By Grainger Editorial Staff 6/19/20
Choosing the right water heater depends on a number of factors, including size, fuel and the amount of hot water required. This critical piece of equipment hides in closets and maintenance rooms, but can be responsible for over 15 percent of your energy bill, according to Energy Star. Water heaters need to balance efficiency and volume, whether you select a gas or an electric model. According to the U.S. Department of Energy (DOE), standard tank water heaters can provide large quantities of hot water, but can add to energy costs. Tankless water heaters only heat the water you use, cutting energy use, but it’s limited volume of on-demand hot water is lower than what some households may need. Finding the best option for your facility depends on your demand, your desired energy savings and your budget.
Also known as storage tank water heaters, these heaters have become the standard in residential and commercial spaces. Water in the tank is regularly heated up to provide a large volume of hot water at all times. According to the DOE, storage tank water heaters can store between 20-80 gallons of hot water, and feature safety equipment such as pressure-relief valves that need to be inspected periodically. Tank water heaters come in electric and gas versions, and can feature additional insulation and higher-efficiency burners to reduce energy use.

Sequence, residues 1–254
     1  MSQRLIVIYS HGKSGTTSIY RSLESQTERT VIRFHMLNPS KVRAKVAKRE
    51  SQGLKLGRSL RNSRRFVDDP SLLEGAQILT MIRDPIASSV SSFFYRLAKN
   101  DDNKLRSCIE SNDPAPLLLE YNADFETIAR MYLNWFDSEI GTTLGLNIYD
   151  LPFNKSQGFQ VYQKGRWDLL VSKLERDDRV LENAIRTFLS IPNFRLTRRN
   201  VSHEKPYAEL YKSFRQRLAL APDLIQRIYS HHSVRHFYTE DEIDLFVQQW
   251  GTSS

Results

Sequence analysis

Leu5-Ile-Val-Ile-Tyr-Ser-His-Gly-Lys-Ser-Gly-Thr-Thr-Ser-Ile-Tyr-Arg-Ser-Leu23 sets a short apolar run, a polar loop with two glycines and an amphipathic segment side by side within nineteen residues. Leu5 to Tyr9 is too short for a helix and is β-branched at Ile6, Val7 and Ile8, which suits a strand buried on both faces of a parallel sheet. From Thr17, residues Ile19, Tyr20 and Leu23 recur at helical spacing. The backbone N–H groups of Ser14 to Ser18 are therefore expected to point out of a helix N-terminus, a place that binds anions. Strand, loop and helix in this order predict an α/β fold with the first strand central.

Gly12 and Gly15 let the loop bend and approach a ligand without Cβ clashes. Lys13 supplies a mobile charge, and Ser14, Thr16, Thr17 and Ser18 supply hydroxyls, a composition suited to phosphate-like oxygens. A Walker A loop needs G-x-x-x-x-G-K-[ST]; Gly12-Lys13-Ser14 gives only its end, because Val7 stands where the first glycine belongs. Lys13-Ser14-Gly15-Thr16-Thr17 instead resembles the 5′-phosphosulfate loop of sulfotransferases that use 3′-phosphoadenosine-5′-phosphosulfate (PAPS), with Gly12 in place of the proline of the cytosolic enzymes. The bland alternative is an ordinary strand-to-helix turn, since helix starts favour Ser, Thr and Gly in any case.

Tankless water heaters are wall-mounted devices that heat water on demand rather than storing a large volume of preheated water. According to the DOE, tankless water heaters provide 2-5 gallons of hot water per minute. Unlike traditional or storage tank water heaters, tankless water heaters do not store large volumes of water. Instead, they incorporate heating coils that rapidly heat water on demand and then deliver that hot water—as long as water and power are available. Like standard water heaters, tankless water heaters come in electric and gas models.
Tankless water heaters tend to be more expensive than storage tank water heaters, but are more energy-efficient, saving you money over time. Tankless water heaters can outlive a standard water heater almost twofold—up to over 20 years, according to DOE estimates.
Water heaters come in a variety of sizes, usually based on how much hot water throughput you need. According to the DOE, several factors can help you determine the size of water heater you'll need.
Water heaters come in both gas and electric models, with the main differences depending on your budget, existing energy hookups, sustainability goals and local utility costs. When choosing a water heater, whether you decide on tankless or tanked, according to the DOE, there are several factors to consider:
Now that you know more about the types of water heaters available and how to choose the right size, you can find the ideal one for your facility.
The information contained in this article is intended for general information purposes only and is based on information available as of the initial date of publication. No representation is made that the information or references are complete or remain current. This article is not a substitute for review of current applicable government regulations, industry standards, or other standards specific to your business and/or activities and should not be construed as legal advice or opinion. Readers with specific questions should refer to the applicable standards or consult with an attorney.